Triathlete Sika Henry inspires the Naugatuck Triathlon Team

Photo+Credit%3A+Ayana+Williams

Photo Credit: Ayana Williams

Jayda Costa, Senior Reporter

Since the 1970’s, triathlons have been a vigorous sport that most shy away from. Due to the diligent training and the incredible skill it requires, many have turned triathlons into a bucket list item. However, professional triathlete, Sika Henry, was not afraid to turn her passion into a career.

Recognized as the first African American woman to become a pro triathlete, her interest sparked from a story her grandfather told her when she was young. Her paternal grandfather was a track and field athlete as well as a football player in the 1920’s. Due to segregation, he was barred from playing in the NFL and pursued a career as a jazz musician instead. Henry uses this memory as motivation in her journey as a triathlete.

In 2021, just 13.3% of annual triathlon members were people of color and just 2% were Black or African American, according to The New York Times. This is due to the lack of access that people of color face in minority communities. There is a lack of bike trails, community parks and lap pools that are needed for training. At the professional level, the need for diversity is even greater. 

However, in September of 2021, Sika Henry became the first Black female professional triathlete.

Although Henry has become a landmark in the triathlon community, the journey to get there was not easy. In April of 2019, she had a horrific bike accident. During the bike portion of a 70.3 mile triathlon, she slid in asphalt and caused severe scarring to her face. She received 40 stitches to her face and lost the ability to eat solid foods for a month. “I thought I was done for good.” Sika Henry says in her blog. However, by September of that same year, she was back on the starting line working for her pro card.

After a hard breakup in 2013, she signed up for her first sprint triathlon. She had no prior experience with long distance running, but little did she know, it would become a big part of her life. She bought a mountain bike and swim suit and fell in love with triathlons. 

In April 2022, she was inducted into the Hall of Fame for National Black Distance Running. Today she remains an inspiration for young black female triathletes all around the country.

Her main goal was to be the first black woman to be recognized as a professional triathlete. Even so, her overall goal was to ultimately change the “status quo” behind triathlons and influence others to join the sport. In January 2022, she took a local triathlon team under her wing. Learning about them through social media, she introduced them to many of her sponsors and gave them many beneficial tips on how to finish their first triathlon.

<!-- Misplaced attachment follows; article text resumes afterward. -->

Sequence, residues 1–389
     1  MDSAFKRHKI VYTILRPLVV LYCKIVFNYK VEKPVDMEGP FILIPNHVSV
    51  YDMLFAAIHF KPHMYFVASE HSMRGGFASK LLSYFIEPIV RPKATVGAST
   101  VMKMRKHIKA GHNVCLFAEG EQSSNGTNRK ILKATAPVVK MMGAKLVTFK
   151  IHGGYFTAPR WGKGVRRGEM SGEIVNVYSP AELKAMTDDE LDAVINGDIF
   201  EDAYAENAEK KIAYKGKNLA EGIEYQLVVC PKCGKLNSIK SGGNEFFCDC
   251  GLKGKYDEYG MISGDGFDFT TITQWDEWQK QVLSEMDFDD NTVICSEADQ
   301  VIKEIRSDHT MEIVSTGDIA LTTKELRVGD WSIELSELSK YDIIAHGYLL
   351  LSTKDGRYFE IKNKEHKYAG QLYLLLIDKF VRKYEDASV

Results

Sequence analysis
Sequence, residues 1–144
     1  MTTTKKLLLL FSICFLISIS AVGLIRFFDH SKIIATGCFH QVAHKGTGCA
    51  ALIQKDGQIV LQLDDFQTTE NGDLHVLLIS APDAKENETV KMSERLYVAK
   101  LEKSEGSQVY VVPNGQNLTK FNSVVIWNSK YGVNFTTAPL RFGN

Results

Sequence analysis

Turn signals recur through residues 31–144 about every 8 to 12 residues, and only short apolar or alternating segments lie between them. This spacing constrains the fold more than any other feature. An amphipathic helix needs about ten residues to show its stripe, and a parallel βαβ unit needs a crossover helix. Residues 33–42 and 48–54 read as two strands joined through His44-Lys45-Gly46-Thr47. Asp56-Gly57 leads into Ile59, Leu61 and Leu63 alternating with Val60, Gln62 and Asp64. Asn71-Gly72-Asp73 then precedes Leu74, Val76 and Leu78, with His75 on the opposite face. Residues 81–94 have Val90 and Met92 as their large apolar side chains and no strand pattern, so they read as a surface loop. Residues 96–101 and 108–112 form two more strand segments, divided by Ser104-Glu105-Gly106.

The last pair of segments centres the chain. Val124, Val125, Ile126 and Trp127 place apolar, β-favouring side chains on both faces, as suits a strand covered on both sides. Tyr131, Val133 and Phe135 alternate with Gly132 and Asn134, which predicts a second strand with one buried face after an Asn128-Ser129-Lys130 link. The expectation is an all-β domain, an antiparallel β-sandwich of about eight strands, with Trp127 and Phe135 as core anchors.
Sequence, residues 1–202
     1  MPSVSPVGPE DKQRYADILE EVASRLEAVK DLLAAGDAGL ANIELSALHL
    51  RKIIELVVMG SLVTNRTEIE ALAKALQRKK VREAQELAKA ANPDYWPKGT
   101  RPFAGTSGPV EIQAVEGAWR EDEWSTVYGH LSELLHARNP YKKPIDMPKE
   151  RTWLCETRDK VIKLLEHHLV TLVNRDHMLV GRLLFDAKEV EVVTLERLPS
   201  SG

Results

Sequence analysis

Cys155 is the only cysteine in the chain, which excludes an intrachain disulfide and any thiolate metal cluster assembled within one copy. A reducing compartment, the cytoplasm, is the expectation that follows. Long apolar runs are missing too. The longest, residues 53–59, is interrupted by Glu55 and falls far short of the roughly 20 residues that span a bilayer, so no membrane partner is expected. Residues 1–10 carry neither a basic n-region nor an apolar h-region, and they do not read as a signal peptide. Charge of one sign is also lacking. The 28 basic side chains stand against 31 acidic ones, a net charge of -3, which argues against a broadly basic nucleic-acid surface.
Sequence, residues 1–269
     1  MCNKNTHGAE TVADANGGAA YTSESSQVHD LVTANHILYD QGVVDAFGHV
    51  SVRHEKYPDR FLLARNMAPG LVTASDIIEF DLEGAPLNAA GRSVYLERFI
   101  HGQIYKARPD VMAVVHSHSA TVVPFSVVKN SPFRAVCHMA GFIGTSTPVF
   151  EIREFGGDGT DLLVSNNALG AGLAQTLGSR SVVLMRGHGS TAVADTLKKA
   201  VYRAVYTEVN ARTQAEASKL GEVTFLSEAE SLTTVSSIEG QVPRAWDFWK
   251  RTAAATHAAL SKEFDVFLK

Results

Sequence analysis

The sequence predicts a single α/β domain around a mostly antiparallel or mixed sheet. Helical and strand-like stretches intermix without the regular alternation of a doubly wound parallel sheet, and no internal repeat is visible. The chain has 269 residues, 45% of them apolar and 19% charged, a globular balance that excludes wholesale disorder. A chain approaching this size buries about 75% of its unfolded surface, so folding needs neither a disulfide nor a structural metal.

“I learned a valuable lesson from my crash back in 2019- that sports can be taken away from you in a heartbeat so you better find something you’re equally passionate about. For me, that’s partnering with companies that want to give back, grow the sport, and make it more accessible to others.” She said in an Instagram post about the Naugatuck Triathlon Team. She takes enormous pride in being a role model in her sport and showing young athletes that through any hardships, there is always a way to work your way back. “I couldn’t just quit,” Henry told The New York Times, “What kind of role model would I be if I just gave up the second thing that got really bad or really hard?”

As a member of the Naugatuck Triathlon Team, Sika has become a role model of mine in a short span of time. She gave my team and I a countless amount of advice and encouragement to get through our first triathlon. After consulting with her and informing her of our day to day training, her belief in us left us very assured that this was going to be a positive experience for all of us. Through Sika, we were connected to many different companies that helped us with the expensive equipment that the sport requires. We can’t thank Sika Henry enough for believing in our initiative and inspiring us to sign up for the first of many triathlons.

Now, Sika Henry continues to show the world her life as a professional athlete and encourages athletes to make a change in their own sport. As an athlete and a human being, Sika Henry is an extraordinary role model and a key component to the future of triathlons.